Adding Multiples of Consecutive Odd Numbers by Mathematical Induction

(a)   Factorise \( 4x^3 + 18x^2 + 23x + 9 \).

\( \begin{align} \displaystyle
4x^3 + 18x^2 + 23x + 9 &= 4x^3 + 4x^2 + 14x^2 + 23x + 9 \\
&= 4x^2 (x+1) + 14x^2 + 14x + 9x + 9 \\
&= 4x^2 (x+1) + 14x(x+1) + 9(x+1) \\
&= (x+1)(4x^2 + 14x + 9) \\
\end{align} \)

(b)   Hence, prove by mathematical induction that , for \( x \ge 1 \),
\( 1 \times 3 + 3 \times 5 + 5 \times 7 + \cdots + (2x-1)(2x+1) = \dfrac{x}{3}(4x^2 + 6x – 1) \).

Step 1: Prove the statement is true for \( x=1 \).
\( \begin{align} \displaystyle
\text{LHS } &= 1 \times 3 = 3 \\
\text{RHS } &= \dfrac{1}{3} \times (4 \times 1^2 + 6 \times 1 – 1) = 3
\end{align} \)
Therefore it is true for \(x=1 \).
Step 2: Assume the statement is true for \( x=k \).
That is, \( 1 \times 3 + 3 \times 5 + 5 \times 7 + \cdots + (2k-1)(2k+1) = \dfrac{k}{3}(4k^2 + 6k – 1) \)
Step 3: Show the statement is true for \( x = k+1 \).
That is, \( 1 \times 3 + 3 \times 5 + 5 \times 7 + \cdots + (2k-1)(2k+1) + (2k+1)(2k+3) = \dfrac{k+1}{3}(4(k+1)^2 + 6(k+1) – 1) \)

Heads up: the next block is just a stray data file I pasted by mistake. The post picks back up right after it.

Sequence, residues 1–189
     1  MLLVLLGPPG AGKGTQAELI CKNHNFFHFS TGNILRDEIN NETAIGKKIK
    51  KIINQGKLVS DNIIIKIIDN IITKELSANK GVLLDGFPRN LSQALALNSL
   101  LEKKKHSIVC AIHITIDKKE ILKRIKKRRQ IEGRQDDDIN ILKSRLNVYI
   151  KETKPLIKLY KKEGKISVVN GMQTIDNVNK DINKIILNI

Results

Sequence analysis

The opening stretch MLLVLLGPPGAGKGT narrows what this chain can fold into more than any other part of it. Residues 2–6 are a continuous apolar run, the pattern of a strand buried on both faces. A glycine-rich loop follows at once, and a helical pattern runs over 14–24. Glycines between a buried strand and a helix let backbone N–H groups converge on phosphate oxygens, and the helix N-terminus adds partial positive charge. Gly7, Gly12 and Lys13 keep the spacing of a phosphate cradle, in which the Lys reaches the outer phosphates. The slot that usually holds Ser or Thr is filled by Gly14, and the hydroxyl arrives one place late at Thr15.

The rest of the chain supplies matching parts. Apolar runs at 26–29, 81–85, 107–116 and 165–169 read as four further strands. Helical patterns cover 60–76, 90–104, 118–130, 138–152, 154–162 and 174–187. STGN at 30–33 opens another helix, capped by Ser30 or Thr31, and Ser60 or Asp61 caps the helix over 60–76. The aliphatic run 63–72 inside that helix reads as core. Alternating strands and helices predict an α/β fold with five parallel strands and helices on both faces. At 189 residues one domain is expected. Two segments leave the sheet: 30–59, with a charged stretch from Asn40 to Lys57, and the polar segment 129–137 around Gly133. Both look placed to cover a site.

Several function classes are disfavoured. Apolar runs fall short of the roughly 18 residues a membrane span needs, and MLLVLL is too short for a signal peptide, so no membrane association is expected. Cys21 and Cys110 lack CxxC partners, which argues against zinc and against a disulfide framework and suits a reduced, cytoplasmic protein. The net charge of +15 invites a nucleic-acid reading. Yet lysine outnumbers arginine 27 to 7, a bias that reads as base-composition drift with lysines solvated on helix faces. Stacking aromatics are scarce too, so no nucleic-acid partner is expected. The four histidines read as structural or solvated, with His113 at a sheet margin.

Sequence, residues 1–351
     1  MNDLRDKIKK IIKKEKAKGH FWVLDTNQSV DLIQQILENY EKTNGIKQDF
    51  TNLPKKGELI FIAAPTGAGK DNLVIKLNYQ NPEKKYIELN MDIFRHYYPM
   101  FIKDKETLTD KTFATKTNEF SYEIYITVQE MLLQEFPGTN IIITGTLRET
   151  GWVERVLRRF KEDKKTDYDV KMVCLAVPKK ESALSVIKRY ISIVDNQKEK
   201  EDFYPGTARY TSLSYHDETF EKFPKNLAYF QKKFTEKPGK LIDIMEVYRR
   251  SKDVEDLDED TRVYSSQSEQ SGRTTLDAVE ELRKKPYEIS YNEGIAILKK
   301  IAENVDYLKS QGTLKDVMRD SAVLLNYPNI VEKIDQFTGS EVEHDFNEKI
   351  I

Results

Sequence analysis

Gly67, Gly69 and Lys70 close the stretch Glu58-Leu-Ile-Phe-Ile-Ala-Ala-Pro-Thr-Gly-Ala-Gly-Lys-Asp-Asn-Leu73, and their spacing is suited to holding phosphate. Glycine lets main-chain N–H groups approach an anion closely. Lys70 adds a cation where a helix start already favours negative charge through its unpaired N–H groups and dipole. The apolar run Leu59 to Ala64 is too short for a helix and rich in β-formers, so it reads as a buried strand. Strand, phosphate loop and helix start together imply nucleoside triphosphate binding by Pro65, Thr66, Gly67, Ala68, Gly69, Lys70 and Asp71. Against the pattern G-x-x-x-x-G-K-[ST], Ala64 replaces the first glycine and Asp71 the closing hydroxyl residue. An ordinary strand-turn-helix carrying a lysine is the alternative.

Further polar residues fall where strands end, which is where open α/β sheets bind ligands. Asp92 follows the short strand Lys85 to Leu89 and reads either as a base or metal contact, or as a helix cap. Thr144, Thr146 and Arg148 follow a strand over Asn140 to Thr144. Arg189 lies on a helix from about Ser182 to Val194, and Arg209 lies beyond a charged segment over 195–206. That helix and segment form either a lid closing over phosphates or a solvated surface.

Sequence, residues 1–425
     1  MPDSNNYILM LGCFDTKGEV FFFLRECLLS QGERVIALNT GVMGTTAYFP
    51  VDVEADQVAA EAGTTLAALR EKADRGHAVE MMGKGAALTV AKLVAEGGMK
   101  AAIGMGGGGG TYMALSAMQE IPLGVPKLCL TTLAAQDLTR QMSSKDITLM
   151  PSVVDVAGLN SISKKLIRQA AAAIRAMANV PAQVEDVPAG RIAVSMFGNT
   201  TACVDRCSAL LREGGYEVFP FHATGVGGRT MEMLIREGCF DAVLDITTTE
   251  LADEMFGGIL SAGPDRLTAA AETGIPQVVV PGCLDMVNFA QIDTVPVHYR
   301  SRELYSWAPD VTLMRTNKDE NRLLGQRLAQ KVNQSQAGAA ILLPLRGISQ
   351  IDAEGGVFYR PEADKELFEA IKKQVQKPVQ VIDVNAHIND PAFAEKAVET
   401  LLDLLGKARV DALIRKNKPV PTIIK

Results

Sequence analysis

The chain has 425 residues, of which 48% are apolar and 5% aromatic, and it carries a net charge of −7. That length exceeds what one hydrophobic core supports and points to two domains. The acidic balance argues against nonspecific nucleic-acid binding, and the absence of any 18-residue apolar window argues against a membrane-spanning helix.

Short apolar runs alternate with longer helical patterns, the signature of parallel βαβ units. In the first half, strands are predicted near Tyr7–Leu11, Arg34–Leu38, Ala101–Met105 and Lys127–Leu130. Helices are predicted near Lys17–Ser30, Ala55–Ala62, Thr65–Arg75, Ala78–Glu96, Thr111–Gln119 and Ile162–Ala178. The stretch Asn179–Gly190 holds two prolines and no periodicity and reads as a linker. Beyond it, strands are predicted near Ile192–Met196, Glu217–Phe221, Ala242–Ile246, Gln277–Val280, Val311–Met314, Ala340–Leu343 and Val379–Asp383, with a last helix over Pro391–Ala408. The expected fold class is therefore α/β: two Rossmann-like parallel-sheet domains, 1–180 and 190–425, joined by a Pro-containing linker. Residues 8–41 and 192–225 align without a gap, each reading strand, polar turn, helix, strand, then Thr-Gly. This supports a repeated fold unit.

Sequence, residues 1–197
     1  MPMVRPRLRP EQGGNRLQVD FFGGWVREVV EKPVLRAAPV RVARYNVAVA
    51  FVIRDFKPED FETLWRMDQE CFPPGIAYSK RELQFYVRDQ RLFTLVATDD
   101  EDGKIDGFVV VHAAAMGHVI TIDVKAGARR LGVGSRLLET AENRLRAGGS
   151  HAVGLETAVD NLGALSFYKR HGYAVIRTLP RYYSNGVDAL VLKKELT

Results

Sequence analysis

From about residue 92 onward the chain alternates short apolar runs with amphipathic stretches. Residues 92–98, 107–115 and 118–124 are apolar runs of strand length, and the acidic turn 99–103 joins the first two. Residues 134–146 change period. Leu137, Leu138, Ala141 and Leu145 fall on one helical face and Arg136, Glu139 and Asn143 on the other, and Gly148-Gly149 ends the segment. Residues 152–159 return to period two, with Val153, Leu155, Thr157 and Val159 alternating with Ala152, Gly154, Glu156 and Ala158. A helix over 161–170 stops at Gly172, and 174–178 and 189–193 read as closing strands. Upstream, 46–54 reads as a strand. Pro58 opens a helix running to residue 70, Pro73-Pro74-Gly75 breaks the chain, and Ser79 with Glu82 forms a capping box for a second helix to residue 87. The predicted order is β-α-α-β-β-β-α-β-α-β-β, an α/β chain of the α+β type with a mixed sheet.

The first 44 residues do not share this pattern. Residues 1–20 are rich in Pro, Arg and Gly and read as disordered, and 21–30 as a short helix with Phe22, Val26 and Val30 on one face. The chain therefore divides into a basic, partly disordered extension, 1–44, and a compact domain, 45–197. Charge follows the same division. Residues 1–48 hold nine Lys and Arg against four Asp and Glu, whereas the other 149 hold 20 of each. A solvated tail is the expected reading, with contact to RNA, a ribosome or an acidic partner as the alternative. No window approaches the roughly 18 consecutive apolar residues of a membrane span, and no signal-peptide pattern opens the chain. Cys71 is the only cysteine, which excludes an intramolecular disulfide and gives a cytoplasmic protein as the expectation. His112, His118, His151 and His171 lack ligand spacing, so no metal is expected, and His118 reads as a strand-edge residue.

\( \begin{align} \displaystyle \require{color}
\text{LHS } &= 1 \times 3 + 3 \times 5 + 5 \times 7 + \cdots + (2k-1)(2k+1) + (2k+1)(2k+3) \\
&= \dfrac{k}{3}(4k^2 + 6k – 1) + (2k+1)(2k+3) &\color{red} \text{by the assumption} \\
&= \dfrac{1}{3}(4k^3 + 6k^2 – k) + (4k^2 + 8k + 3) \\
&= \dfrac{1}{3}(4k^3 + 6k^2 – k + 12k^2 + 24k + 9) \\
&= \dfrac{1}{3}(4k^3 + 18k^2 + 23k + 9) \\
&= \dfrac{1}{3}(k+1)(4k^2 + 14k + 9) &\color{red} \text{by part (a)}\\
&= \dfrac{k+1}{3}(4k^2 + 14k + 9) \\
&= \dfrac{k+1}{3}(4k^2 + 8k + 4 + 6k + 6 -1) \\
&= \dfrac{k+1}{3}(4(k+1)^2 + 6(k+1) – 1) \\
&= \text{RHS} \\
\end{align} \)
So, the statement is true for \( x = k \) it is also true for \( x = k+1 \).
It is true for \( x =1 \), so the statement is true for \( x =2 \) and so for \( x = 3 \) and so on.
Thus the statement is true for all \( x \ge 1 \) by the process of mathematical induction.

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